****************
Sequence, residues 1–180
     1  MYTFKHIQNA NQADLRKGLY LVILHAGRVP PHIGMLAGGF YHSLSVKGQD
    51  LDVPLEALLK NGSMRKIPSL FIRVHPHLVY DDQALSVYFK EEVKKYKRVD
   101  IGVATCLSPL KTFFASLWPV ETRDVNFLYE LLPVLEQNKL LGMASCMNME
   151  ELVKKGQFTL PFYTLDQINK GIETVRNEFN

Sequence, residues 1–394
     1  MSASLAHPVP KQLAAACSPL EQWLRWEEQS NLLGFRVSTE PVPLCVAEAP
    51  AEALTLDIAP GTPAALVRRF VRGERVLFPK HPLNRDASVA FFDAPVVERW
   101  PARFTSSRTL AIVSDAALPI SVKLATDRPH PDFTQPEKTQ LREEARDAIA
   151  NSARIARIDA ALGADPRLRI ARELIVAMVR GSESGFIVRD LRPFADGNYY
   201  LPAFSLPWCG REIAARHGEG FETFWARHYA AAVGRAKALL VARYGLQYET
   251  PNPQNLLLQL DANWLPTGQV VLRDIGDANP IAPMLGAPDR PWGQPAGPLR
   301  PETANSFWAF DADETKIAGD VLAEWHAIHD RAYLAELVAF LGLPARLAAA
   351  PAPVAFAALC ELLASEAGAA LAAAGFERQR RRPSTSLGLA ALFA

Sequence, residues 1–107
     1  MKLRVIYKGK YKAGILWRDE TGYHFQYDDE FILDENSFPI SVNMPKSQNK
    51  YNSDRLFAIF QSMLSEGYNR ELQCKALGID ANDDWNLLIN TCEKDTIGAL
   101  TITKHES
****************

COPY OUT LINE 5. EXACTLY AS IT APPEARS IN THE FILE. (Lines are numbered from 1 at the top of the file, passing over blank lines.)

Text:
   151  ELVKKGQFTL PFYTLDQINK GIETVRNEFN